Institutional investor Rich Bernstein said in a recent interview that we are in a complete and massive bubble. Everything – from bitcoin to housing – is spiraling out of control when it comes to prices, and the U.S. – along with other parts of the world – may be on the verge of economic collapse.

Richard Bernstein: Investors Need to Watch Out

Cryptocurrencies, housing, and tech stocks are all experiencing some of the biggest price booms in history. In addition, the country is dealing with supply chain problems, which are presenting serious delays for American consumers. As the CEO and CIO of Richard Bernstein Advisors, Bernstein claimed:

There’s a whole series of bubbles going on right now. There’s a bubble in long-duration assets. That’s a common theme.

Bernstein is particularly worried about BTC. He says growing demand has created one of the biggest bubbles in the history of finance, and he’s concerned about long-term repercussions.

Since the coronavirus pandemic first began gripping the global economy, many have seen bitcoin in an entirely new light. It used to be that BTC was just a speculative asset that if played right, could make one rich quickly. However, with governments all over the world printing fiat money like it grows on trees and handing it out for stimulus measures, the world’s number one digital currency has taken on an entirely new form.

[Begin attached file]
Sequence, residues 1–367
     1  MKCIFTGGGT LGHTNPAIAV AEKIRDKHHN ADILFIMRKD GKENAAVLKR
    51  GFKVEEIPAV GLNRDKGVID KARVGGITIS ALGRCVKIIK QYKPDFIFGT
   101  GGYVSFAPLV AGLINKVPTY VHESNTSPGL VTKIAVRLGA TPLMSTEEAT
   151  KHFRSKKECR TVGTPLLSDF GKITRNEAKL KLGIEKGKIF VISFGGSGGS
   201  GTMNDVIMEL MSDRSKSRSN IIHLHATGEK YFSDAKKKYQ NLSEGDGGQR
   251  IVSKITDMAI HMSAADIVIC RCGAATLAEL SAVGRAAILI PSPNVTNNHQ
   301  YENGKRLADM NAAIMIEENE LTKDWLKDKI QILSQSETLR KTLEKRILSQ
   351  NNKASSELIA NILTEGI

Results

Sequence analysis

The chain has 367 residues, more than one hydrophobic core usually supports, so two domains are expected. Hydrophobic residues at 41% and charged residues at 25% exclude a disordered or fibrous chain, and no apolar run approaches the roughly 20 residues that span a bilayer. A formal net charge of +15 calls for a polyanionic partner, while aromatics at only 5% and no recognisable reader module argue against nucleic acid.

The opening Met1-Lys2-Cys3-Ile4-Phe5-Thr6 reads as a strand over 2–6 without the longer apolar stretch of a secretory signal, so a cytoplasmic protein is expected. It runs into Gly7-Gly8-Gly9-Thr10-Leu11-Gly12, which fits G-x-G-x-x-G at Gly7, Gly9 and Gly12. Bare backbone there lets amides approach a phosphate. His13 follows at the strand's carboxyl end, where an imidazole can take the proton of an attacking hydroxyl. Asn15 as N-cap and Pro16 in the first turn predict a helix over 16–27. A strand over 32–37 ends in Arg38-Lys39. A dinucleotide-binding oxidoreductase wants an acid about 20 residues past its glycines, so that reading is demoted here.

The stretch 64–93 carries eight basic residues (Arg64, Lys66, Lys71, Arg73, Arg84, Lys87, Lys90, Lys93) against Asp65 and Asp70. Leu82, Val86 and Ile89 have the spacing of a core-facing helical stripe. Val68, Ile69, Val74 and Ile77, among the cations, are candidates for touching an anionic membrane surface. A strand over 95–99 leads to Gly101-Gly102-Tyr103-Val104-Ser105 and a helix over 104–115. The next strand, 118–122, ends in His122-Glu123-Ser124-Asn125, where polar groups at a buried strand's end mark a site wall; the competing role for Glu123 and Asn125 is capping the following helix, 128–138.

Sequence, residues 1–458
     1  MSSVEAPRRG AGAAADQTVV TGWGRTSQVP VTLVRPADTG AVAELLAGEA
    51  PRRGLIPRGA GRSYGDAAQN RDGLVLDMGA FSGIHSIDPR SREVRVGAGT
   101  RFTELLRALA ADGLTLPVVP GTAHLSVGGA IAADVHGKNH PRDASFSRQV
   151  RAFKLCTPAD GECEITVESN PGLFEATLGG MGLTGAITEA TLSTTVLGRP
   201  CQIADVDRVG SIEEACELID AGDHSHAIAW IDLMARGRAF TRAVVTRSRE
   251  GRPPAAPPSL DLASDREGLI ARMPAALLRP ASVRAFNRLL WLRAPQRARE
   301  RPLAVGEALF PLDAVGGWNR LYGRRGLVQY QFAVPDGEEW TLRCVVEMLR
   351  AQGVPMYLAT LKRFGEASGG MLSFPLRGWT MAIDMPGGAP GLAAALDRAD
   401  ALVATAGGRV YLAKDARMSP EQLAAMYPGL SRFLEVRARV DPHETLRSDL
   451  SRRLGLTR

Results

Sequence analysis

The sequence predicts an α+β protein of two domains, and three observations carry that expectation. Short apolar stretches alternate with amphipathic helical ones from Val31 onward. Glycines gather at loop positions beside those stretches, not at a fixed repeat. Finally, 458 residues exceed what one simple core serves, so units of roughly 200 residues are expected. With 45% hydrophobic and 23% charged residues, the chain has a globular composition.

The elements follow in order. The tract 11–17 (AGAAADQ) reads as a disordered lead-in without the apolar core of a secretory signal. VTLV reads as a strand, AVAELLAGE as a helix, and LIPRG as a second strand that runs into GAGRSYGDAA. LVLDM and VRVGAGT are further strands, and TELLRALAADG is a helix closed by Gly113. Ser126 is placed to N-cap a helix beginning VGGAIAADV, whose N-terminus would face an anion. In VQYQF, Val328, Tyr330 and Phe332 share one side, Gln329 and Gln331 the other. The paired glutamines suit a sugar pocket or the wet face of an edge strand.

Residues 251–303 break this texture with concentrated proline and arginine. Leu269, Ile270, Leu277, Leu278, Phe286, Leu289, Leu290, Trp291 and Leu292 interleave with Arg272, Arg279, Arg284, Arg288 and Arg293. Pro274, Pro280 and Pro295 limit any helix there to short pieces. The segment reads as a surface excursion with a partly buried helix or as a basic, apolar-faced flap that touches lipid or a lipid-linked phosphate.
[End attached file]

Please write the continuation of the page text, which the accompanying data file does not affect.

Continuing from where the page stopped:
Now, many see it as a hedge tool; something that can potentially keep one’s wealth safe and steady during times of economic strife. Given how many people possess this attitude, the currency has shot up to new all-time highs of roughly $64,000 and $66,000 over the course of six months, and more people are doing all they can to obtain it.

While bitcoin appears to be moving in a positive direction, Bernstein believes that things may take a negative turn should the bubble burst. In his interview, he compared the bitcoin bubble to the dotcom hype of the late 90s. He says the resulting meltdown of that period resulted in the Nasdaq taking a whopping 14 years to recover.

He is also worried about the housing market. He says the price increases we’ve been seeing as of late make those of the early 2000s look small. He explained:

[Home prices are] now accelerating more than what you saw during the housing bubble. The rate of change now is higher than anything you saw during the housing bubble in 2005, 6, 7, 8.

Maybe Inflation Isn’t So bad

The good news is that he doesn’t think inflation poses as many risks as some analysts are suggesting, though he certainly feels it is noticeable. He states:

They’re not going to stay this high, but where do they settle? Do they settle at the consensus two to 2.5 percent, or do they settle at three percent or 3.5 percent or four percent or 4.5 percent? I think you treat it as an over/ under bet right now.

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